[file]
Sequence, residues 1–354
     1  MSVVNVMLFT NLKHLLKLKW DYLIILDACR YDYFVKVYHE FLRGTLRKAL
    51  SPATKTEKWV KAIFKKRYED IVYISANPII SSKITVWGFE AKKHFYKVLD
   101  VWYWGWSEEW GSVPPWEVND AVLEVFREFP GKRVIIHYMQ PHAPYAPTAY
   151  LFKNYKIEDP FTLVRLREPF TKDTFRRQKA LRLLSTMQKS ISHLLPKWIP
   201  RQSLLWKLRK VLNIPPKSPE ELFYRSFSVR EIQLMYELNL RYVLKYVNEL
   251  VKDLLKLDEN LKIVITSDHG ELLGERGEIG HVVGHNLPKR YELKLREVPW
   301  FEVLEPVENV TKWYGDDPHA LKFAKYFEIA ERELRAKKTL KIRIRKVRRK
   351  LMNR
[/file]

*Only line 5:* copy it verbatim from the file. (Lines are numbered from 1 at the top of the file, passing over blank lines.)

   151  LFKNYKIEDP FTLVRLREPF TKDTFRRQKA LRLLSTMQKS ISHLLPKWIP